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Investment Outlook

The economy and markets

Global Investment Committee
Horseshoe Bend on the Colorado River

Section 3

Key points to know

Inflation has clearly peaked.

As backpackers know, the risk of injury is higher when hiking downhill than uphill. The same is true for inflation. Headline year-over-year U.S. consumer price inflation topped out at 9.1% in mid-2022 and has since moderated by almost 6%, to 3.2% in October. Comparable measures in Europe have dropped even faster, from 10.6% last year to 2.4% in the latest print. We always knew that headline prices would slide down from those summits. The question was whether stickier core prices would follow the same trail or take unpleasant detours back uphill.

We are more confident that core inflation is maintaining the downtrend in the U.S. Shelter inflation has decelerated for six straight months, and we anticipate further progress. Wage inflation remains elevated at an annual pace above 5%, but leading indicators point to a slowdown next year toward 4% (Figure 2). Overall, though inflation remains lofty relative to pre-Covid trends, it is set to continue its descent over the coming months and quarters.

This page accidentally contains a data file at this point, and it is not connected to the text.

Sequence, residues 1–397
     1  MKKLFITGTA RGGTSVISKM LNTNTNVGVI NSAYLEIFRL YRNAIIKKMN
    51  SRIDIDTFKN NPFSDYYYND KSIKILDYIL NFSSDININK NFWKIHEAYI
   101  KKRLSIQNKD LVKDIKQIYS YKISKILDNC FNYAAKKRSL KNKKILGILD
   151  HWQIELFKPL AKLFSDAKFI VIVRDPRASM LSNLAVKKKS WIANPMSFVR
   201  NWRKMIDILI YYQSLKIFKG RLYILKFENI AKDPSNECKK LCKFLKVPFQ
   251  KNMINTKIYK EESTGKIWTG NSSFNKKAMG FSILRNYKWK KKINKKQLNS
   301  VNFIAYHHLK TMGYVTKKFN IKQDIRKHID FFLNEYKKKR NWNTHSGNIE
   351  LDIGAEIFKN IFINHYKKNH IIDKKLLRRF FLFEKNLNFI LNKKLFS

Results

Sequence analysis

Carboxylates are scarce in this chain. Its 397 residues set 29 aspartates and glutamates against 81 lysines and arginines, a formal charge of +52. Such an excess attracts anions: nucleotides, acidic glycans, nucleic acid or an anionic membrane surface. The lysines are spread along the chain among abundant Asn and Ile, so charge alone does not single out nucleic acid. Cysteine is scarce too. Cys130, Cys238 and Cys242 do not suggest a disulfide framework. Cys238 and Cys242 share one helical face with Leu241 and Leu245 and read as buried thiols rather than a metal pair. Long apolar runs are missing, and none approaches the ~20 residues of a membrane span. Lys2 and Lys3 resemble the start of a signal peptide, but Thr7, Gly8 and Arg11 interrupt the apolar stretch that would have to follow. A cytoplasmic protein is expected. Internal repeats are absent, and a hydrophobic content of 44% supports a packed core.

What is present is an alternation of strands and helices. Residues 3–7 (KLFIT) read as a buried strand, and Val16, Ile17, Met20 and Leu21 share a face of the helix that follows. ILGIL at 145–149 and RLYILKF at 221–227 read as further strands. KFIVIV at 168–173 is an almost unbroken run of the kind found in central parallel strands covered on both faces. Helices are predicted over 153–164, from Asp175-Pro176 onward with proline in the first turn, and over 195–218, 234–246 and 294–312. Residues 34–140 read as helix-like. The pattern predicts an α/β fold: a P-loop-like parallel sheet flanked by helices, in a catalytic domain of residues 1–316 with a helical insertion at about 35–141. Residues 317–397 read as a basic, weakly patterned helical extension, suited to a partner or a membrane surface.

Figure 2: Wage inflation is set to decline further

Recession risks remain.

The upshot of the improved inflation outlook is that growth prospects have also deteriorated. U.S. unemployment has ticked up 0.5% from its recent low, and the pace of job creation has slowed from above 300,000 per month at the start of the year to less than 200,000.